Honda has been keeping the HR-V's powertrain a closely guarded secret – until now. All of them get a 1.8-liter four-cylinder that makes 138 horsepower and 127 pound-feet of torque with the choice of either a six-speed manual or CVT. Either front- or all-wheel drive is available, but the six-speed is only available on front-driving models.
Based on the same platform as the Fit, the HR-V actually doesn't seem to share much with its smaller sibling in terms of looks and instead borrows more cues from its big brother – the latest 2015 CR-V. Bits of Honda's larger crossover peek out in the grille and roof shape, but the HR-V reinterprets the design in its own funky way. Hiding the rear door handles near the rear pillar is an especially clever touch. The compact's wheelbase is 102.8 inches, just 0.3 inches shorter than its larger sibling. However, overall length for the new model is 169.1 inches, about 10 inches shorter than the CR-V.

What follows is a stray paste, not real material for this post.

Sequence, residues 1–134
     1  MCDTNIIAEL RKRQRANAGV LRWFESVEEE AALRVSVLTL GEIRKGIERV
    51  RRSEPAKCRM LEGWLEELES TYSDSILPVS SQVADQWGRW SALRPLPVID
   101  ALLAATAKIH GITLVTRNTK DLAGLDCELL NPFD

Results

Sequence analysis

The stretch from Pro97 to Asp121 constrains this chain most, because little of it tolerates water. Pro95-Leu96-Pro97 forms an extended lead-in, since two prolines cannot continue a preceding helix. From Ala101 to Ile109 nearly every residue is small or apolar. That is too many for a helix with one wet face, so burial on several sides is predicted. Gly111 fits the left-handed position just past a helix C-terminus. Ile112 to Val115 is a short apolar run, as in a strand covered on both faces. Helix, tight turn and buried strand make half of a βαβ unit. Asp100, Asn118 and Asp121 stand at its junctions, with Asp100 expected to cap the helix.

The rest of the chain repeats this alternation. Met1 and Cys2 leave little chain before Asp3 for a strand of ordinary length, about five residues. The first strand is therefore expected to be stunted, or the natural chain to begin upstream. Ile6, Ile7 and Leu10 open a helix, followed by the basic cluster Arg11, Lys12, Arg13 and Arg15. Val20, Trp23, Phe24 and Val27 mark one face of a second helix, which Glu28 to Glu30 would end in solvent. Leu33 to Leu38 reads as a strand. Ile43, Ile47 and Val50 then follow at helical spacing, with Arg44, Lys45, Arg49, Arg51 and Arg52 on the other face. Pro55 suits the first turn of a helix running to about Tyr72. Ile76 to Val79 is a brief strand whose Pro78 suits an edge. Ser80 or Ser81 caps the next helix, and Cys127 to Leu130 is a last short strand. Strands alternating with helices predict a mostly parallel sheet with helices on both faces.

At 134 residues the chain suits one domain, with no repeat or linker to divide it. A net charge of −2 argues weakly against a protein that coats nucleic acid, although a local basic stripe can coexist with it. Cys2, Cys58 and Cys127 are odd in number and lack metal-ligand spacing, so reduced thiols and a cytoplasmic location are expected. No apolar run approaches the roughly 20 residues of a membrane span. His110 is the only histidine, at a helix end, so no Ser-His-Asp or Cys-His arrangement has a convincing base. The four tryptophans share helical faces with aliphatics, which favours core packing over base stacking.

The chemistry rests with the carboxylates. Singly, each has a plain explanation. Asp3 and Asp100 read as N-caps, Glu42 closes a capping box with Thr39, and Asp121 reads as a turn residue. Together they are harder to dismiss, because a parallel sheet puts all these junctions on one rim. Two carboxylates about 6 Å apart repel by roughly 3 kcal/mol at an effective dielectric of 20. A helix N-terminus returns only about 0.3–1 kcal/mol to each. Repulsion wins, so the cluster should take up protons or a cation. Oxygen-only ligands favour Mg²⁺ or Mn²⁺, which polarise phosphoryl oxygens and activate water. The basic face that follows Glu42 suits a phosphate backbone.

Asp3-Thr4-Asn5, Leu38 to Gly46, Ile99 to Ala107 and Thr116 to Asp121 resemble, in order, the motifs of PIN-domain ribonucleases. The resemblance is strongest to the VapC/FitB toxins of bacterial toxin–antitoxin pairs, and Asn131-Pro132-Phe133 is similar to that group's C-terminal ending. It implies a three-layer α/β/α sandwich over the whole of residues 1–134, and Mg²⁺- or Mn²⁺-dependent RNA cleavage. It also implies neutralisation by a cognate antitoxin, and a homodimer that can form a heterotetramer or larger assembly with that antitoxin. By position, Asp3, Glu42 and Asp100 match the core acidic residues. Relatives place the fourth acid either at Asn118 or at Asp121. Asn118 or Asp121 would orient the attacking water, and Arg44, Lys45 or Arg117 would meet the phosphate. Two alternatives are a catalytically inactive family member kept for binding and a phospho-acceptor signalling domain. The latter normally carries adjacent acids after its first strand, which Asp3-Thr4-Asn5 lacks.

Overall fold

"The new HR-V crossover is a true segment-busting vehicle, unlike anything else on the market today," said Jeff Conrad, general manager of the Honda Division, in the company's model announcement.
Inside, the HR-V gets an airy cockpit with some convenient standard features, including Hill Start Assist and a multi-angle rearview camera. Further options include a 7-inch touchscreen infotainment system and the company's LaneWatch system, and the CUV is offered in LX, EX and EX-L trims. The Magic Seat storage system from the Fit allows for up to 58.8 cubic feet of rear storage – a little less than the CR-V's 70.9 cubic feet. Honda also expects the compact crossover to earn top scores in crash tests.